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Posts Tagged ‘NASA’

Nissan, NASA Partnering to Develop Self-Driving Vehicle Technology

Pairing could produce vehicles for Earth and space.

by on Jan.09, 2015

The all-electric Nissan Leaf fitted with autonomous drive equipment allowed to park at NASA’s Ames Research Center.

The names of vehicles used by NASA in its research efforts roll off the tongue: Columbia, Discovery, Endeavour…Leaf? Maybe not, but the space agency and Nissan Motor Co. are partnering up to develop autonomous vehicle systems that could have applications on the ground and in space.

“The work of NASA and Nissan – with one directed to space and the other directed to earth, is connected by similar challenges,” said Carlos Ghosn, president and CEO of Nissan Motor Co. “The partnership will accelerate Nissan’s development of safe, secure and reliable autonomous drive technology that we will progressively introduce to consumers beginning in 2016 up to 2020.”

The Last Word!

The five-year partnership will team researchers from Nissan’s U.S. Silicon Valley Research Center and NASA’s Ames Research Center in California who will test a fleet of zero-emission vehicles used to transport a variety of materials, goods, payloads and people. The tests are similar to the way NASA currently operates its planetary rovers remotely from a mission control center. (more…)

Ford Lawsuit Claims “Design Defect” Can Cause Unintended Acceleration

Detroit maker says federal investigators already cleared it.

by on Mar.29, 2013

A new federal lawsuit claims scores of Ford products, like the Taurus, suffer from a "defect' that makes the vehicle suddenly accelerate.

A new lawsuit claims that nearly a decade’s worth of vehicles produced by the Ford Motor Co. suffer from a “design defect” that can make them susceptible to suddenly and unexpectedly begin racing out of control.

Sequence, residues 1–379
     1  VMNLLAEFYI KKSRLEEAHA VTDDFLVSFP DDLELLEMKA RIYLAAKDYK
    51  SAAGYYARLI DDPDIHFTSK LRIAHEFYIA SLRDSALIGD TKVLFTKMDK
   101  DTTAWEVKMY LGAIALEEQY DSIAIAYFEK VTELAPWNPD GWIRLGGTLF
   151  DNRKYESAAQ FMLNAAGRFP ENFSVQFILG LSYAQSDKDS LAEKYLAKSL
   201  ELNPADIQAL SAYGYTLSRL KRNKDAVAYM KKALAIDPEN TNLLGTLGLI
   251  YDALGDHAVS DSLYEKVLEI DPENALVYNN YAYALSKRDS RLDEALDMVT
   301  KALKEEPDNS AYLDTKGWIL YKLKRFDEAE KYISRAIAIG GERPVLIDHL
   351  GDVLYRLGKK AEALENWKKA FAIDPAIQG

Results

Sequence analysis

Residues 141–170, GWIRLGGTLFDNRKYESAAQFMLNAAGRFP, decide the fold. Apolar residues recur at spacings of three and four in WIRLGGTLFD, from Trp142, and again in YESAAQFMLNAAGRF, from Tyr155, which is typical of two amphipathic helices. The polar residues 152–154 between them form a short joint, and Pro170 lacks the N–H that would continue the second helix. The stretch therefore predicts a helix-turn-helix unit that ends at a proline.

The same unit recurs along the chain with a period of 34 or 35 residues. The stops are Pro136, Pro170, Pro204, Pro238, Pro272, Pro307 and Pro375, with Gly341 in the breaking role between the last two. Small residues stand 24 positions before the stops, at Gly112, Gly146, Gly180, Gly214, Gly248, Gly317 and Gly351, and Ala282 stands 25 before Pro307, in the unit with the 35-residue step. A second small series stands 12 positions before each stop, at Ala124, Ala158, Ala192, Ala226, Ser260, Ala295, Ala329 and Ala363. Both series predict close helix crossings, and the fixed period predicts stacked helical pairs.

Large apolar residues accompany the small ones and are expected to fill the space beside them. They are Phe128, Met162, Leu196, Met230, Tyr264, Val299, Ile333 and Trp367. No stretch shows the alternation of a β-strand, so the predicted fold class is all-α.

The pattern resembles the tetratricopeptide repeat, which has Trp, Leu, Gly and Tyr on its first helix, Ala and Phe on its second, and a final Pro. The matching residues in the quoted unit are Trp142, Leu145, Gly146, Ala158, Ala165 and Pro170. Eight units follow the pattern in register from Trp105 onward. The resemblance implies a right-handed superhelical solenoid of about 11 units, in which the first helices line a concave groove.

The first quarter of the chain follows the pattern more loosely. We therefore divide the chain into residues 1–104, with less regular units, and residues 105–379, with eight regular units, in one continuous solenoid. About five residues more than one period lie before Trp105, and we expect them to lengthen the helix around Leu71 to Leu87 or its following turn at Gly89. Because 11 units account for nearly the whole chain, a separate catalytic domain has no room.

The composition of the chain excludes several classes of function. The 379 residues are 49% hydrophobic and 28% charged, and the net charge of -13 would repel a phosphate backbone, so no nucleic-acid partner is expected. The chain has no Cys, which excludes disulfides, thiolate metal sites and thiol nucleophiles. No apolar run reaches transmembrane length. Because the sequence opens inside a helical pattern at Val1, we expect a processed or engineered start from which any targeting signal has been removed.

The lawsuit, filed in West Virginia federal court on behalf of 20 different owners in 14 states, is seeking class-action status that could, if approved, come to involve the owners of millions of Ford vehicles produced between 2002 and 2010.

Powering your Auto Knowledge!

“For too long, Ford has put its own financial interests ahead of its consumers’ safety,” said lead attorney Adam Levitt. “We hope this lawsuit sheds light on this important situation and requires Ford to correct its ways, compensate its customers and put them first.”


GM and NASA Engineers Prepare R2 for Space Work

Technology on R2 robot could easily displace line workers.

by on Jul.07, 2010

Not exactly a job creating technology.

General Motors and NASA engineers continue to prepare Robonaut 2 for its planned September mission to the International Space Station aboard the space shuttle Discovery, GM said today in a statement.

This new generation robot can use its hands to do work beyond the scope of prior machines.

Using dexterous, human-like robots capable of intricate work is not new to the aerospace industry, of course. The original Robonaut, a humanoid robot designed for space travel, was built by the software, robotics and simulation division at NASA’s Johnson Space Center in a collaborative effort with the Defense Advanced Research Project Agency 10 years ago

R2 can work safely alongside people, a necessity both on Earth and in space. This new generation robot can use its hands to do work beyond the scope of prior machines.  (See NASA and GM Working on Robotic Technology)

Human Written!

GM and NASA engineering teams are currently checking on some of the key technologies employed by the “humanoid” robot, including advanced sensor and vision systems.

R2, while not nearly as cute as R2-D2 of Star Wars fame, is faster, more dexterous and a more technologically advanced robot than previous, non-movie versions.

No word if R2 has a taser, though.

At least people, so far, are doing the design work. Moreover, a human writes this story.


Chrysler and NASA Pair on Advanced Technologies

Potential synergies as an outgrowth of the space program?

by on Apr.13, 2010

Hundreds of applications here on Earth?